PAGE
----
Calling on governments to take human rights obligations into account when designing economic reforms, an independent United Nations rights expert said on Monday that “human rights impact assessments are key to the process”.
Highlighting the vital role of human rights on policymaking, the independent expert on foreign debt and human rights, Juan Pablo Bohoslavsky, published the Guiding Principles on Human Rights Impact Assessments of Economic Reforms to assist states, international financial institutions, creditors, civil society and others, to ensure that economic policies are embedded in human rights.
“The thrust of the Guiding Principles is that states cannot shy away from their human rights obligations in economic policymaking, even in times of economic crisis” said Mr. Bohoslavsky in a press release, issued on the eve of the World Economic Forum in Davos.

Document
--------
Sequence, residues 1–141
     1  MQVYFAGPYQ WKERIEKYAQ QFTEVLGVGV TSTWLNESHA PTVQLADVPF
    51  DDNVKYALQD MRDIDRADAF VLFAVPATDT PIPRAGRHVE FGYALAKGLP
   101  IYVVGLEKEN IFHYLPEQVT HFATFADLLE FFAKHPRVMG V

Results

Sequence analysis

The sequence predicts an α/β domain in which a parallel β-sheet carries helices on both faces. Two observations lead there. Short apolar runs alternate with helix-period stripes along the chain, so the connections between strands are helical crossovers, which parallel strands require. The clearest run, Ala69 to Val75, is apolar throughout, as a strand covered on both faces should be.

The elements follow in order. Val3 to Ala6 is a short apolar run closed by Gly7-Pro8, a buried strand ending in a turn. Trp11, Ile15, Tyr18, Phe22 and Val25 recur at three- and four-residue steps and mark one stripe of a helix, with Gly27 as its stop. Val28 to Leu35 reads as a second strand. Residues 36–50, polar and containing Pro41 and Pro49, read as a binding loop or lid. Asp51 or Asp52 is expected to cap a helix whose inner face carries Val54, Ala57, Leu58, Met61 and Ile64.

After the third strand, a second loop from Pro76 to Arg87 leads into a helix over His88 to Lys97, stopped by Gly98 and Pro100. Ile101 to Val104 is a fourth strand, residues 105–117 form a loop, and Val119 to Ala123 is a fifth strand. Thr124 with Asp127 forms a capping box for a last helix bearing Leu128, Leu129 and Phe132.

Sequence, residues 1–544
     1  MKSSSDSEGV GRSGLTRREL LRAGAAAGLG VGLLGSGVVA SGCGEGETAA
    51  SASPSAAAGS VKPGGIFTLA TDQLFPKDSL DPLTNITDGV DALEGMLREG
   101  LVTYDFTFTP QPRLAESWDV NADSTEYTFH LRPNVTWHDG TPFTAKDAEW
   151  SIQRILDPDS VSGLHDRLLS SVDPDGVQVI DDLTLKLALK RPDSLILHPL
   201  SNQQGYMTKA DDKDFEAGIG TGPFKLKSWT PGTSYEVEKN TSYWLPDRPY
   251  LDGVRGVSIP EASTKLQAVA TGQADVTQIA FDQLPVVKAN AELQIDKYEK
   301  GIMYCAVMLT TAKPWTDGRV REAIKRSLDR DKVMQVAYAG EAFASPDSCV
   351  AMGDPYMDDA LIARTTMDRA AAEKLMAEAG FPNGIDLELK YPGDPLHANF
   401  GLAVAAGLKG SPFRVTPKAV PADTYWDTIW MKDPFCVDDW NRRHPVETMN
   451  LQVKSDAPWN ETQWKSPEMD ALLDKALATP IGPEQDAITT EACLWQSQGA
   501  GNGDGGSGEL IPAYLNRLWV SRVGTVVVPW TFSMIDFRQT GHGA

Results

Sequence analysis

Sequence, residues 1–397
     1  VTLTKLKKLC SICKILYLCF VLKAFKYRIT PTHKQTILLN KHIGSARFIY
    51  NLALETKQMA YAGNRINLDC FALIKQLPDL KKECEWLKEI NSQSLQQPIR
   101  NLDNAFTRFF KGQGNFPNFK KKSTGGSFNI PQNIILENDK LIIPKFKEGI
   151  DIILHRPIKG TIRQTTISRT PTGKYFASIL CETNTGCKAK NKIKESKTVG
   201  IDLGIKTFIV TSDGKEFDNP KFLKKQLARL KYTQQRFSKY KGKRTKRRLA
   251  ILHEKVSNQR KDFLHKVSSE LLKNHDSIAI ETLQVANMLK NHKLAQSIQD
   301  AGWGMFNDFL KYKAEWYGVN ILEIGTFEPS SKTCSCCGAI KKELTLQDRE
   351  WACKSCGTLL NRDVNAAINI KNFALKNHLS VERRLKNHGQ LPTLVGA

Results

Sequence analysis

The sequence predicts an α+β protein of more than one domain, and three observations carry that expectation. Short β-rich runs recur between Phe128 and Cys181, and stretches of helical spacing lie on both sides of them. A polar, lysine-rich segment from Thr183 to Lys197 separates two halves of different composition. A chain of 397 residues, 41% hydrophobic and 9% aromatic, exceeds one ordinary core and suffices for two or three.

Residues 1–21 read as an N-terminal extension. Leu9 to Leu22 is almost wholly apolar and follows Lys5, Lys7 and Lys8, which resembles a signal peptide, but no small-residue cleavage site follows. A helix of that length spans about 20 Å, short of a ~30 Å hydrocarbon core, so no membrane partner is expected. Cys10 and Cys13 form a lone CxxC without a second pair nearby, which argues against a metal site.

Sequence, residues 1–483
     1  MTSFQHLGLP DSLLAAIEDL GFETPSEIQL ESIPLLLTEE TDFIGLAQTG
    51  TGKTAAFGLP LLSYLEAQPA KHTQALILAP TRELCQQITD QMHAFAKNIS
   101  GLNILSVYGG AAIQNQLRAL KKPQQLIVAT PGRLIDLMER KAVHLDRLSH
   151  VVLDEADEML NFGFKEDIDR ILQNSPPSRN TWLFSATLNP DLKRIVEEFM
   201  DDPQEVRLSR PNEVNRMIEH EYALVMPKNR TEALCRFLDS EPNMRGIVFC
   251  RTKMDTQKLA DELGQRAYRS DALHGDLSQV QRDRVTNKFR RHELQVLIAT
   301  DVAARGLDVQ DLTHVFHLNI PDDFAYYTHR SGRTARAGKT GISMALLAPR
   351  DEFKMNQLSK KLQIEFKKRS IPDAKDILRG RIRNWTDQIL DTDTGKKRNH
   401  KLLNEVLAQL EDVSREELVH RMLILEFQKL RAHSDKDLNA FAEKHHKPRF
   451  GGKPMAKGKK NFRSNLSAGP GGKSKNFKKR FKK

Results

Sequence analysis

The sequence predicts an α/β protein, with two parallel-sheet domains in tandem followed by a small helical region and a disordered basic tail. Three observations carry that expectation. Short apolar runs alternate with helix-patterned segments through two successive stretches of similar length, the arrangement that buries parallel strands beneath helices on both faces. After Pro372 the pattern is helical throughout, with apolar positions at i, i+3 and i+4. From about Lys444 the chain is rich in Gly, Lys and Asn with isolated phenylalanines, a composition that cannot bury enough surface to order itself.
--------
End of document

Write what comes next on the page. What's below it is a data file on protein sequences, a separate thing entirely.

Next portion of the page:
The UN human rights expert stressed that “any economic policy measures – whether fiscal austerity, structural adjustment reforms, privatisation of public services, deregulation of financial and labour markets, or changes in taxation – all have human rights consequences”, adding that the impacts of economic measures have to be taken in consideration, specially on specific individuals and groups “such as women and persons with disabilities”.
Mr. Bohoslavsky added that the new Guiding Principles make clear that international financial institutions, creditors and donors must not turn a blind eye to the human rights impact of their loans and grants.
He also called on international financial institutions, such as the International Monetary Fund (IMF) and the World Bank, to ensure that “their loan conditionalities, advice and proposals for economic reforms do not undermine the borrower state’s human rights obligations".
The publication will be presented to the Geneva-based UN Human Rights Council on 28 February.